Log in to Facebook and follow along if you  like…

Once you’ve clicked “Privacy Settings” you’ll see the first item in the list is “Connecting on Facebook”.

Facebook Connection Options

Facebook Connection Options

Click “View Settings”.

Here’s how mine are set up:

Facebook Connecting Options

Control who can find you and what they can see…

 

Each of the drop down menus to the right of the menu options can be changed.  You can see for example that only my Friends can search for me on Facebook but that anyone is able to send me a Facebook request, send me a message and see my current home town.  Only my friends can see my other friends and my activities information.  For my education and work settings, you can see how I have limited this even further by creating a group… My students can not see my work and education settings at all. If all of these settings were at “everyone” then that really does mean EVERYONE who has an internet connection can see EVERYTHING posted about you on Facebook. It’s worth checking that you information is secure.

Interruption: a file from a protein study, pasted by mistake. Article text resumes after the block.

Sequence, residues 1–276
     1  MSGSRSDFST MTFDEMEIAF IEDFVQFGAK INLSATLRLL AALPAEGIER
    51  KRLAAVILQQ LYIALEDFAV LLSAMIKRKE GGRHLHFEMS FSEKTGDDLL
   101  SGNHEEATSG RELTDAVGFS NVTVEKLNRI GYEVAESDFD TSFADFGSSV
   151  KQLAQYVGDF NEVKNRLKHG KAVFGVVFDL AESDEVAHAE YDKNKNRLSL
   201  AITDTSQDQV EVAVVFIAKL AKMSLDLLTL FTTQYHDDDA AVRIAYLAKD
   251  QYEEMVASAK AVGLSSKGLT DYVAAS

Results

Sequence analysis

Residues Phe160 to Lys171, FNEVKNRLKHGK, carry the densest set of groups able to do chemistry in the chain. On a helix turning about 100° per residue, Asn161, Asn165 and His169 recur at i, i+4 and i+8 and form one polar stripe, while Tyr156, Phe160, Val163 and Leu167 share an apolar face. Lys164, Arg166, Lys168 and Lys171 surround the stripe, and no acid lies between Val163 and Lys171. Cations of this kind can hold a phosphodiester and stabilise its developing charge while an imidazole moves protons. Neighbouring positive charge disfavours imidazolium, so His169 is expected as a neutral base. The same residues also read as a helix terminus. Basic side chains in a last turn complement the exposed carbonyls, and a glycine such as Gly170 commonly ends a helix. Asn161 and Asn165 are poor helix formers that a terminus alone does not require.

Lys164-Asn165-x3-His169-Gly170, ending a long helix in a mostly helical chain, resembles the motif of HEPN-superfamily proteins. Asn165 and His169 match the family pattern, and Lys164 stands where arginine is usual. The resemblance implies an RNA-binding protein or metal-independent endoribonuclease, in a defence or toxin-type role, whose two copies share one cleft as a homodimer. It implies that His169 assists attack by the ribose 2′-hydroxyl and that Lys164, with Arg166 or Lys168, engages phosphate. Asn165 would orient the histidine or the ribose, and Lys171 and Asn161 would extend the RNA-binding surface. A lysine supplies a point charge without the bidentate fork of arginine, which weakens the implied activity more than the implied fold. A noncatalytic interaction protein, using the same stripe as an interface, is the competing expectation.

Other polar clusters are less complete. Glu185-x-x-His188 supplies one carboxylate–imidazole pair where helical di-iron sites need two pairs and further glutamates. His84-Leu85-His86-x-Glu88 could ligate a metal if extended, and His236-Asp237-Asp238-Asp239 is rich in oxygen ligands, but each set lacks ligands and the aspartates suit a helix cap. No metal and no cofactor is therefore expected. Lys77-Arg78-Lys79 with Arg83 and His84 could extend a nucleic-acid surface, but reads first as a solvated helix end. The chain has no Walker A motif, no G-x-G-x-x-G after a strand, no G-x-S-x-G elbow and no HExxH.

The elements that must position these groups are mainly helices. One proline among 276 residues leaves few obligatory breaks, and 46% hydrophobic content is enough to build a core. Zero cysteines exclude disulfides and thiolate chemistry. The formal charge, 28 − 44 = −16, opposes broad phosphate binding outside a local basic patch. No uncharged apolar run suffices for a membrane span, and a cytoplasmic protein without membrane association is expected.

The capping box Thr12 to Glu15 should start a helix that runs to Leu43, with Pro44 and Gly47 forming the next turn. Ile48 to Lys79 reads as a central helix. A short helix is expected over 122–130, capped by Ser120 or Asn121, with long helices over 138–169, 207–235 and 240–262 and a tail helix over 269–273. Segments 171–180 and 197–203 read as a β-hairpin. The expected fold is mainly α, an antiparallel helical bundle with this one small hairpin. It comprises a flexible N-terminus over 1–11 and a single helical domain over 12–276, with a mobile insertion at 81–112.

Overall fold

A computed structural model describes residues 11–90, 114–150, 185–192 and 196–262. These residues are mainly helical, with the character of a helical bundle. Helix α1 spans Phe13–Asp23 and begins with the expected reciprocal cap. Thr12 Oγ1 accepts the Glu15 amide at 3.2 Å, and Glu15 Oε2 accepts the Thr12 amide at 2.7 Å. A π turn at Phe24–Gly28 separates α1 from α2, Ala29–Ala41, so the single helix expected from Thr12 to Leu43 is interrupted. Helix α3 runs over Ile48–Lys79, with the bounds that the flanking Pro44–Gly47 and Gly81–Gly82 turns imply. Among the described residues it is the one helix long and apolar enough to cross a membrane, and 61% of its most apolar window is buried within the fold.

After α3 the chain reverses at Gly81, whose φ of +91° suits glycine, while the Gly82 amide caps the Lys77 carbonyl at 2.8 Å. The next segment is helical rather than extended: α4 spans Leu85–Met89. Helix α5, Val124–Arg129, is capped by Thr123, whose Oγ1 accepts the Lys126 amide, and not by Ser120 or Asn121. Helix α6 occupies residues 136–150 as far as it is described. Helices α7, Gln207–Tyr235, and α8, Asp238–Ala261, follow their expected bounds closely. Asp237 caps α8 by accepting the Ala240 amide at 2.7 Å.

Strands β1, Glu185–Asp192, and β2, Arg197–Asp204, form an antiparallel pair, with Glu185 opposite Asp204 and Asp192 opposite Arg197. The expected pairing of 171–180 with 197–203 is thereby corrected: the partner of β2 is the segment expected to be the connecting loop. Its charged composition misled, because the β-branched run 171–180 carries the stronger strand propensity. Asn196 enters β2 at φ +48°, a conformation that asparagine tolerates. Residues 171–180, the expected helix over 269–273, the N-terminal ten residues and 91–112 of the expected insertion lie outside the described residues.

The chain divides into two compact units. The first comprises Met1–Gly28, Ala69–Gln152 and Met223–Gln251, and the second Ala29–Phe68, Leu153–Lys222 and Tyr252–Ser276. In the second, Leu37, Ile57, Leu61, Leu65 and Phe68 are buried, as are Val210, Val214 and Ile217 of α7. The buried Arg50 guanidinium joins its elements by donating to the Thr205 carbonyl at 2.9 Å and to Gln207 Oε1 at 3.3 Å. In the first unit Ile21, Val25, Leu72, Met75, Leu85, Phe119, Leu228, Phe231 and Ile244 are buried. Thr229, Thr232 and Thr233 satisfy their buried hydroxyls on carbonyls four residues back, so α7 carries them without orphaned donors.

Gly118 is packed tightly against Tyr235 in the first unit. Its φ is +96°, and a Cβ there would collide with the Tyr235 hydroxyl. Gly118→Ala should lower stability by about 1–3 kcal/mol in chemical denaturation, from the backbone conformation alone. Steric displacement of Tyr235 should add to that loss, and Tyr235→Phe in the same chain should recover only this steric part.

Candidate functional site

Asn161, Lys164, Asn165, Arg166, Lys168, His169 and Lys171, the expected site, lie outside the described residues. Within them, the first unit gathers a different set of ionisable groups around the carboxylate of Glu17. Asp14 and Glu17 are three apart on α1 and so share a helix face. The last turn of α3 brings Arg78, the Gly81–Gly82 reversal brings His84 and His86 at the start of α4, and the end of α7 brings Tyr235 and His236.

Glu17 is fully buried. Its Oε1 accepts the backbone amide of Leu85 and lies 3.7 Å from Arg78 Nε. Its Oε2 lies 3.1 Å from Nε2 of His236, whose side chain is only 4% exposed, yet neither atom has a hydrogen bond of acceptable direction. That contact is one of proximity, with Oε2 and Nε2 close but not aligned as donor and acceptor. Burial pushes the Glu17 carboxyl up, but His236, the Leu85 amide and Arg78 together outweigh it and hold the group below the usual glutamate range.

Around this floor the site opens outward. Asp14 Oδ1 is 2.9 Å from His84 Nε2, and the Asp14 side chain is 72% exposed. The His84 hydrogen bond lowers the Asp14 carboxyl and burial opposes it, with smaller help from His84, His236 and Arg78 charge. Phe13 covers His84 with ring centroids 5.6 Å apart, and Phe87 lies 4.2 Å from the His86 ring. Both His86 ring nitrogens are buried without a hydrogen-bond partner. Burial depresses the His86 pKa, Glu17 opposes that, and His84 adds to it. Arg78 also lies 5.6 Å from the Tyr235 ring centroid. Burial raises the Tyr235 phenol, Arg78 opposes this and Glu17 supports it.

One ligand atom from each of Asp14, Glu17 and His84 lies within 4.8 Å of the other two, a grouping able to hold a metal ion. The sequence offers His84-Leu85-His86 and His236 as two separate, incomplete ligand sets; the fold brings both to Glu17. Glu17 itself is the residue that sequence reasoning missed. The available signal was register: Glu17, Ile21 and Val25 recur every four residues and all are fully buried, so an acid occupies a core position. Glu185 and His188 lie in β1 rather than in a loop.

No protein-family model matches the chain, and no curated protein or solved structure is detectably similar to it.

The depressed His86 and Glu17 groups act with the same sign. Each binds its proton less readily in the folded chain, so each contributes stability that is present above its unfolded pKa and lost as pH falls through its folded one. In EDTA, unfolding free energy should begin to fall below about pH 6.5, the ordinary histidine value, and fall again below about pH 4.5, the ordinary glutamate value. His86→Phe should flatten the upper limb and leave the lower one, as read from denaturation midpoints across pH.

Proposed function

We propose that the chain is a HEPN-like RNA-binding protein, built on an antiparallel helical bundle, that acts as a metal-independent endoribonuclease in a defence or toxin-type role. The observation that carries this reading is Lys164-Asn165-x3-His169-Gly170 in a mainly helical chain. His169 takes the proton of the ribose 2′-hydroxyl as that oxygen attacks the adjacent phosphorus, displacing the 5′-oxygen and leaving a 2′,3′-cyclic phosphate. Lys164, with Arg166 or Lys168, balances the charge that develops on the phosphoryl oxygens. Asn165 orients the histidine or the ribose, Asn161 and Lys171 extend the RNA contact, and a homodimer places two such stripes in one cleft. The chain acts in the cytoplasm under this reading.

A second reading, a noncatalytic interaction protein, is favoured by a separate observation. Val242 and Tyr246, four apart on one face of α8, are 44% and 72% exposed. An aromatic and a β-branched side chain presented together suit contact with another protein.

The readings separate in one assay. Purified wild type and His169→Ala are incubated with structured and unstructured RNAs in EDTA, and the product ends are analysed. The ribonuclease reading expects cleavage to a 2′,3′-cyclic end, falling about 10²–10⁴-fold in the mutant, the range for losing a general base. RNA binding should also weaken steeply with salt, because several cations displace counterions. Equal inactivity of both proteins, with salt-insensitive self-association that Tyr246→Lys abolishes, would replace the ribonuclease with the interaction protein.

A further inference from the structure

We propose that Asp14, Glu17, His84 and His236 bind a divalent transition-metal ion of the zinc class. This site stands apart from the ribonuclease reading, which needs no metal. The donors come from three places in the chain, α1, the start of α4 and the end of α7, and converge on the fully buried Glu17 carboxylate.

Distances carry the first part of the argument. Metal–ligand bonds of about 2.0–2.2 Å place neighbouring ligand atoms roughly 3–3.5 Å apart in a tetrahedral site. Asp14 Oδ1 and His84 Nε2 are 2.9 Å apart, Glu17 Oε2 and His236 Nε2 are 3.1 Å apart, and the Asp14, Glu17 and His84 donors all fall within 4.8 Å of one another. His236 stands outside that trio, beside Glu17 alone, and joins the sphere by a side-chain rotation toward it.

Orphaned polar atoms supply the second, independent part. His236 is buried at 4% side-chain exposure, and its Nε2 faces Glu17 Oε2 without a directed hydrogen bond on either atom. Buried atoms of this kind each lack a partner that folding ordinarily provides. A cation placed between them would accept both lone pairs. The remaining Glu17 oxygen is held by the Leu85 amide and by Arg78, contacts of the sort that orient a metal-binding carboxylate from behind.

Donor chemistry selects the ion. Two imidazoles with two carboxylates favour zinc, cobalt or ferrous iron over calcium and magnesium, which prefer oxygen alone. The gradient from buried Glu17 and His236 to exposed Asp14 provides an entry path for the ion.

Once you’re done changing settings here, click on “Back to Privacy” (Found in the top left hand corner).

The second menu system on the Privacy Settings page is “Sharing on Facebook”.  This is where you can change who sees the information that you (or other people) are adding about you on the site. The default settings, in my opinion, leave you a little open…

Facebook Security - Sharing Default

Facebook Security – Sharing Default

 

Everyone can see all status updates, all photos and posts, they can see your personal information in the form of a ‘bio’ and can see your family and relationship information… Too much information for my liking.  Especially when you consider those photographs that ‘everyone’ can see could have been uploaded and ‘tagged’ by someone other than yourself!

My advice? Click on Custom and personalise how this all operates. To do this choose “Custom” from the right and then click on the link that says “Customise settings” in the center. Below is a screen shot of some of the options that are then open to you.  You’ll see that there is a lot of flexibility over who can see what.  In the same way in which we change settings on the “Connecting” Facebook menu options, we simply drop down the lists at the end of each statement and choose who to share with.

Facebook Customise Sharing Options

Facebook Security – Customise Sharing Options

 

You might have noticed that in my settings I have statements such as “except: Students”.  When you’re dropping down menus you’ll notice the options to “customise… edit”.  Yep, there are even more custom security options there.  By creating lists of people you can choose who, from your friends, can see what.  You could divide them into professional and personal “Facebook Friends” for example or, as I have done, a list of ex-students who want to keep in touch.